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August 22, 2013A team's overall success often depends on the play of individual units. In a series of articles as a new season approaches, UConnReport staff writer Pete Sonski evaluates each unit on the Huskies' 2013 team and ranks it among other teams in the American Athletic Conference.
The secondary is the last line of defense between opponents and the end zone. Its members have to be reliable playmakers against both the run and pass. Safeties and cornerbacks are often required to make solo and open field tackles. This is not a unit in which teams can risk being thin on talent or experience.
CB - Taylor Mack (Sr)
CB - Byron Jones (Jr)
S - Ty-Meer Brown (Jr)
S - Andrew Adams (So)
CB - David Stevenson (So)
CB - Jhavon Williams (Fr)
CB - Tyree Clark (So)
CB - Ellis Marder (Fr)
CB - Javon Hadley (Fr)
S - Obi Melifonwu (Fr)
S - Wilbert Lee (Fr)
S - Jordan Floyd (Fr)
S- Jeremy Claflin (So)
Darrell Perkins - cornerbacks (4th year)
Shane Fogarty - safeties (1st year)
UConn sent both its 2012 starting cornerbacks to the NFL: Dwayne Gratz (64th pick, Jacksonville) and Blidi Wreh-Wilson (70th pick, Tennessee). Both players were two-time Second Team All-Big East honorees. It can't be understated that, particularly for a team of UConn's caliber, have two starting cornerbacks - and five players overall - drafted into the pros is both a huge honor and a huge blow to its roster.
The plan to begin the 2013 campaign is to move last year's starting safety Byron Jones to cornerback and promote Taylor Mack (on last year's two-deep) at the other corner spot. Ty-Meer Jones started last year and Andrew Adams was right behind him on the depth chart. Jones was third on the ream with 80 tackles last season and has experience at cornerback. He is a gifted player and should transition well. In fact, college football guru Phil Steele named Jones to his preseason first team for the American Athletic Conference. Athlon has him on its preseason second team.
Adams left Saturday's (Aug. 17) practice with a shoulder injury, but whether it will keep him on the sidelines is unknown. Until he is ready to return, Obi Melifonwu will take reps with the first team.
On the same day, Taylor Mack delivered a strong hit on Sean McQuillan during 11-on-11 scrimmage that sent the tight end to the hospital in an ambulance with a concussion. Head coach Paul Pasqualoni chided Mack for the unnecessary force of the tackle against a teammate, but had to be pleased with the cornerback's intensity.
There is arguably a slip in the level of experience in the Huskies' secondary, but the talent is there. Like other UConn position units covered previously, this unit has some proving to do, but there should be little doubt that it can perform well.
Ranking defensive back units in the American
1. Louisville - There's some real talent in the defensive backfields of the American Athletic Conference and, not surprisingly, it begins with the Cardinals. Their safety tandem of Hakeem Smith and Calvin Pryor are universally recognized as the best in the league - and cornerback Terell Floyd made three interceptions last season.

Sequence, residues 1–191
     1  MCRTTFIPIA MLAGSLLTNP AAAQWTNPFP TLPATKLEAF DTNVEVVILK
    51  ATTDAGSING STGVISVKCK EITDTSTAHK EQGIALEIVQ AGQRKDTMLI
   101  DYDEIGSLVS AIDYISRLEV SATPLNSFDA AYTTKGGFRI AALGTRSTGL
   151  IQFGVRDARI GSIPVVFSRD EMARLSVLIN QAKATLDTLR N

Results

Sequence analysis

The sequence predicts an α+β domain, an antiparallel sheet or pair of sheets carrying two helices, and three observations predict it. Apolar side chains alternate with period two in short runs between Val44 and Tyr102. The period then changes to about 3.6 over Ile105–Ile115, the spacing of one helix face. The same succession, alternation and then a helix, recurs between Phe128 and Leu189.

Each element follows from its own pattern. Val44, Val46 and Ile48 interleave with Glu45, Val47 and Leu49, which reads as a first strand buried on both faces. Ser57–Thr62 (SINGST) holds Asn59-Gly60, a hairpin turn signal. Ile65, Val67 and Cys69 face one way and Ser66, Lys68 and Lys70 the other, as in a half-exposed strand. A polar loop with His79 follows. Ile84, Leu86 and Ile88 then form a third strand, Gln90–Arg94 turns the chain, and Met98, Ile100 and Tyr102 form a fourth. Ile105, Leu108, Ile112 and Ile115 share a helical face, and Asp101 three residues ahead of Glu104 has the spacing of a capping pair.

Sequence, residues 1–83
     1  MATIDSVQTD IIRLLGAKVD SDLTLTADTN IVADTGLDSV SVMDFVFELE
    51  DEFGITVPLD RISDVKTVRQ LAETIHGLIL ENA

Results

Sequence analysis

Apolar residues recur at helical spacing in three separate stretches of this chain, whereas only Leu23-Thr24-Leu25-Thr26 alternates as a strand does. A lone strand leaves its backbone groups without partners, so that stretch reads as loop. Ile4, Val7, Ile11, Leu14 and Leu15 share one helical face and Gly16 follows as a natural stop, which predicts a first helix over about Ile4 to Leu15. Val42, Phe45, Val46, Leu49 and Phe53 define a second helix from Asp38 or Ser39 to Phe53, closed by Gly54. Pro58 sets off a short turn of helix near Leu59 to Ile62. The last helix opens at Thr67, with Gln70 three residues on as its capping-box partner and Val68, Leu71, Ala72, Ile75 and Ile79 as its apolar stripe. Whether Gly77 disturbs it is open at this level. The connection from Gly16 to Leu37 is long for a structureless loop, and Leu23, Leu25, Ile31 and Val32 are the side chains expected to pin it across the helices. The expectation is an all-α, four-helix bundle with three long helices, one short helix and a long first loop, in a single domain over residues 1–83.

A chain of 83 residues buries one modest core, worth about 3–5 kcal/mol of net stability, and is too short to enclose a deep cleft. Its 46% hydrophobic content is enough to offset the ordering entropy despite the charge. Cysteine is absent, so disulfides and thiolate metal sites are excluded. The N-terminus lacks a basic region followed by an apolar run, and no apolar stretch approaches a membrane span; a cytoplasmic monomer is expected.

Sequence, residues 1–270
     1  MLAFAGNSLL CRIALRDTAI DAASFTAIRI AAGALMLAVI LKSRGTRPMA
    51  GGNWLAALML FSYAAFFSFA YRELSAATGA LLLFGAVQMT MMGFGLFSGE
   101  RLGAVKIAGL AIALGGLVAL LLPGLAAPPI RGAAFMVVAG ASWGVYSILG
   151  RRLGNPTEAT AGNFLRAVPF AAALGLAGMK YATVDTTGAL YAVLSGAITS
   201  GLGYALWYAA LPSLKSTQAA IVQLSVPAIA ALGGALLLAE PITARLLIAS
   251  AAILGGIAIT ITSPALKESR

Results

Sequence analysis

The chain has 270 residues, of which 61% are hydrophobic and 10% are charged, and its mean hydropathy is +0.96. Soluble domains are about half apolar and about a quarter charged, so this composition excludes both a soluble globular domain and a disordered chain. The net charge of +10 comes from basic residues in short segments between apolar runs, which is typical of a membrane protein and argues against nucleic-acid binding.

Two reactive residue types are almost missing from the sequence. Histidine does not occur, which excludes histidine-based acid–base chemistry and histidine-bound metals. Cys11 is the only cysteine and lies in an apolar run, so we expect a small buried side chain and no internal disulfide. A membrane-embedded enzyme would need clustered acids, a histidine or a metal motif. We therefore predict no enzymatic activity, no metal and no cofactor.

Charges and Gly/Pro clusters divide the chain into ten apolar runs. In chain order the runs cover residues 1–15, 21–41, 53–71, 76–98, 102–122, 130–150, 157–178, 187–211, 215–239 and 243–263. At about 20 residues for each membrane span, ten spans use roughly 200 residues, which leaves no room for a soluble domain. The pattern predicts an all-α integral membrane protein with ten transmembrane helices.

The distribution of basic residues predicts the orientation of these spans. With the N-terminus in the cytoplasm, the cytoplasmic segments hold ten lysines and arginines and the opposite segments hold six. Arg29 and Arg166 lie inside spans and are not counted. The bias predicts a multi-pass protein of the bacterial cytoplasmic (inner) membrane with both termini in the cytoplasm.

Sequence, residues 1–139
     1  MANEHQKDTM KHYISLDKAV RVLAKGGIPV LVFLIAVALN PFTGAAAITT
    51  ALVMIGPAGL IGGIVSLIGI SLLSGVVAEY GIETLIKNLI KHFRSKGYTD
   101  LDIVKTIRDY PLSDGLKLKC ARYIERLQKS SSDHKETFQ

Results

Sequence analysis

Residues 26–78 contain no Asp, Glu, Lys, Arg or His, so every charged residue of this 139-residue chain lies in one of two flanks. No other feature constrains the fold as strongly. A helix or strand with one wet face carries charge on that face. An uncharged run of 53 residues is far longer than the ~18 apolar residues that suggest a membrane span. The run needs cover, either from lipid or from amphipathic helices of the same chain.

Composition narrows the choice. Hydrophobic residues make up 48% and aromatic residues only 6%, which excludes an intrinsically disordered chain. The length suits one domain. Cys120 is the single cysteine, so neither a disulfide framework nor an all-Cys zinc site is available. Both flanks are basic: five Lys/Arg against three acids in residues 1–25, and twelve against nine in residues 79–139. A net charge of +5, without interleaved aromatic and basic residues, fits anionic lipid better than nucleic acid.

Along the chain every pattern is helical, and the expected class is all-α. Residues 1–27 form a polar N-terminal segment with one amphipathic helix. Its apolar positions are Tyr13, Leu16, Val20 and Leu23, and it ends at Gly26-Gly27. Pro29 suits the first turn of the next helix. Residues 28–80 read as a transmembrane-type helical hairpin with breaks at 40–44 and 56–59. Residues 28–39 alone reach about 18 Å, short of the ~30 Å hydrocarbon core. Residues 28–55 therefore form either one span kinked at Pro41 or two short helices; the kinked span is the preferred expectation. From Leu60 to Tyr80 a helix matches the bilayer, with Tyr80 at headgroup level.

2. Cincinnati - The Bearcats lost some talent but have two seniors anchoring their secondary - cornerback Devon Drane (49 tackles/three interceptions in 2012) and safety Arryn Chenault (43/2) - along with some JUCO transfers.
3. SMU - Cornerback Kenneth Acker notched three interceptions last year and is regarded as one of the league's best defenders. The other players in the unit are lesser known but all have starting experience.
4. Rutgers - Safety Lorenzo Waters (68 tackles and two interceptions last season) headlines the Scarlet Knights' secondary, which will see a lot of transition. The talent is there though, notably in cornerbacks Tejay Johnson and Ian Thomas.
5. Houston - Cornerback Zach McMillian (five interceptions in 2012) and safety Trevon Stewart are high on everyone's list of talent. Texas A&M transfer Colton Valencia played well at safety in 10 games (six starts) last season.
6. UCF - Cornerback Clayton Geathers (117 tackles last year) and safety Brandon Alexander (62 tackles/one interception) anchor this unit. The Knights have some talented young players who add talent and depth if not experience.
7. UConn - This ranking may be a bit harsh, but it's difficult to overlook the loss of talent the Huskies' suffered. At least to begin the season, this unit does not have much reputation despite its talent.
8. USF - Safeties JaQuez Jenkins and Mark Joyce return as starters, but the Bulls' defensive talent is mainly in their front seven.
9. Memphis - The Tigers lost some talented players in the backfield from last year's squad. Players to watch include cornerback Bobby McCain and safety Lonnie Ballentine. Missouri transfer Tavon Bolden may make the lineup too.
10. Temple - Cornerbacks Zamel Johnson and Anthony Robey return as starters, but the Owls' overall talent level of defensive backs does not equal most other conference teams.
There appears little reason for worry about the Huskies' secondary at this point, even if the injury to Andrew Adams proves serious. UConn has depth and talent in the unit. Jones and Brown are solid defenders, and Mack wants to prove himself already. Stevenson stood out as early as last spring as a quality cornerback and Melifonwu has impressed with his athleticism.
A solid linebacking corps will benefit the UConn backfield too, providing reliable support in both run and pass defense. If any question remains it is whether the Huskies will retain the aggressive, pressure-style pass defense it played the past two years under coordinator Don Brown or revert back to a more cautious style as was familiar under former head coach Randy Edsall and Hank Hughes, who, with Brown's departure, regained coordinator status.